Suppose we had this fragment of a JScript program:
var y = bar();
function blah(a, b)
I hope you agree that this is a very straightforward program. How would we do this in CPS? Well, first of all, every function would have to take an extra argument for the continuation. Our program calls foo and then terminates, so the continuation of the call to foo is “terminate the program”. Let’s presume that we have a magic function that does that.
function foo(x, cfoo)
// UNDONE: rewrite foo in CPS
Let’s reason about foo from end to start. foo wants to ensure that three things happen in this order:
- bar runs
- blah runs
- foo‘s continuation from its caller runs
But blah is never going to return. Therefore we’ll make it blah‘s responsibility to call foo‘s continuation when it is done. We’ll rewrite blah so that it does CPS, so that we can say:
function foo(x, cfoo)
var y = bar();
OK, super, we’ve taken care of our responsibility to our caller by foisting it off onto blah. But now we have an additional problem. bar is never going to return, so we’re never going to call blah! We’ve both failed in our responsibility to our caller and haven’t done the work we need to do.
We have an additional problem. bar was going to return a value that we were going to use. But we’ve just removed returns from the language! Let’s solve both of these problems. We’ll say that bar takes a continuation and passes the value that it was going to return as an argument to its continuation. That’s functionally the same thing, right? Before, you return the value to “whatever you were going to do next”, now you pass the value to “whatever you were going to do next”, same thing.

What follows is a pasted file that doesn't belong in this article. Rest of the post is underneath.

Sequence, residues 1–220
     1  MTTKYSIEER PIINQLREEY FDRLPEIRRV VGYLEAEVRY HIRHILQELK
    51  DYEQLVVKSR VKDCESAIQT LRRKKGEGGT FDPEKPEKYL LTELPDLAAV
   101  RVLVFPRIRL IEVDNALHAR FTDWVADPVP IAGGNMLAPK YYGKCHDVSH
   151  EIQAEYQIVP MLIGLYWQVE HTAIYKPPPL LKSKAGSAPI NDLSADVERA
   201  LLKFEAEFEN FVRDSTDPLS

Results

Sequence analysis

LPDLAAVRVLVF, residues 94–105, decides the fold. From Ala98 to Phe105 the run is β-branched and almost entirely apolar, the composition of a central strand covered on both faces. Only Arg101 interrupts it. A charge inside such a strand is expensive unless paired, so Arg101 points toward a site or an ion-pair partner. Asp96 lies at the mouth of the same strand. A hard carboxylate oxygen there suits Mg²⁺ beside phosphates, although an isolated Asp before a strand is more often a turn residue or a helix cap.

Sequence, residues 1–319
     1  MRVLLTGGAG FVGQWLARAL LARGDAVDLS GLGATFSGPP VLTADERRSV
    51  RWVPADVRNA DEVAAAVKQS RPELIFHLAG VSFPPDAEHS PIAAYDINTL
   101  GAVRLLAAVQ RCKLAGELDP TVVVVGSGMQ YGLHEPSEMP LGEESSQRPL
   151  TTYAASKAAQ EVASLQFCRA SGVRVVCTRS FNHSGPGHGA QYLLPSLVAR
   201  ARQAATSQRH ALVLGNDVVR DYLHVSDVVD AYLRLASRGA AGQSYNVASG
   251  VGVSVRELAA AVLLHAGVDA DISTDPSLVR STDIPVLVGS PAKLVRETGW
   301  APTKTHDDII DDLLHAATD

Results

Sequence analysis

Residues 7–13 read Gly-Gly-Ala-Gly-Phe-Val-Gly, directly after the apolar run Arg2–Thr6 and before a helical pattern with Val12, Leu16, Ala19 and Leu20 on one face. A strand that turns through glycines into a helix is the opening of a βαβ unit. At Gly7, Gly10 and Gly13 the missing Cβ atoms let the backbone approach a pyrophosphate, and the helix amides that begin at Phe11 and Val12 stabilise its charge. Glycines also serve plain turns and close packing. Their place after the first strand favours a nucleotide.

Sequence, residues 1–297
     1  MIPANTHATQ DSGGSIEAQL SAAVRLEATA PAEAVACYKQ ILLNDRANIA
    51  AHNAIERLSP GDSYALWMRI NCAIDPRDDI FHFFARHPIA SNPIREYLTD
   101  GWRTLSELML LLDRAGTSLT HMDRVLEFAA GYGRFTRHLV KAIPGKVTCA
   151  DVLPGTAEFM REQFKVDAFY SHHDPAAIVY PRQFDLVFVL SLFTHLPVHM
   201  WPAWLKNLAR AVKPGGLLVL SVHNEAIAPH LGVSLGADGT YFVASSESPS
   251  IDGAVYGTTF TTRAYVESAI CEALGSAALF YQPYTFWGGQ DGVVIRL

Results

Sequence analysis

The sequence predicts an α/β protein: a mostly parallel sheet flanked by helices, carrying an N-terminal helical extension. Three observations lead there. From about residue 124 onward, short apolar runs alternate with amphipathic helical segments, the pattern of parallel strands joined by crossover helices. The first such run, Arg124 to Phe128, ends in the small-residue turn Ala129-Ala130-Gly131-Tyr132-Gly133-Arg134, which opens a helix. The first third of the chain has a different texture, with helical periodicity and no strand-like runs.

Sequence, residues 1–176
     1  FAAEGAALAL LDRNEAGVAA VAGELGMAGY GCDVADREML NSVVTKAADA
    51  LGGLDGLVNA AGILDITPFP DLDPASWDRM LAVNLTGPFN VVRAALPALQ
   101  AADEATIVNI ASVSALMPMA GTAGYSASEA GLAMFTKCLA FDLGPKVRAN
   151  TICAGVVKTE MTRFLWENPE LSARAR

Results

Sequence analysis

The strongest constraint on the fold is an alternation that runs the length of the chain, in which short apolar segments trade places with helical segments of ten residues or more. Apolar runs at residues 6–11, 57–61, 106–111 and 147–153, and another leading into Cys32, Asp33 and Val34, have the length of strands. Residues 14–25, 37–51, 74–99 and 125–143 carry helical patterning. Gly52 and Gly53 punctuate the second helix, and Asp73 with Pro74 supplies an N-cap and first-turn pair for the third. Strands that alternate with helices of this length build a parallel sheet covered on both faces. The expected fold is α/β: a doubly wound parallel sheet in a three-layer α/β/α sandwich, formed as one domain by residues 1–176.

But what continuation should foo pass to bar? Well, what does foo want done when bar calls its continuation with its “return” value? That’s easy. It wants to call blah with that value and foo‘s original arguments. We can write a helper function that does that.
function foo(x, afterfoo)
function blah(a, b, afterblah)
print(a+b, afterblah); // print also rewritten in CPS
foocontinuation is a closure, so it keeps track of what the values of x and afterfoo were when it was passed to bar. So we’re all set here.
The global code passes 1, terminate to foo
foo passes foocontinuation to bar
bar passes 123 to foocontinuation
foocontinuation passes 1, 123, terminate to blah
blah adds together its arguments and passes 124, terminate to print
print presumably prints out 124 and calls terminate, and we’re done
Not once did any function return in there, and we did everything in the right order.
Now of course in reality, JScript does not know that none of these functions are going to return. Nor is JScript smart enough to realize that even if they did return, none of these functions now does anything after the subroutine call, and therefore keeping track of the old frames on the stack is unnecessary, since they’re never going to be read from again. If it did, we could totally write programs in this style and never worry about running out of stack space, but unfortunately, it doesn’t.
But just as we helped JScript along by writing our own explicit frame stack, we can help it along by writing our own CPS system. Stay tuned!
(Eric is on vacation; this message was prerecorded.)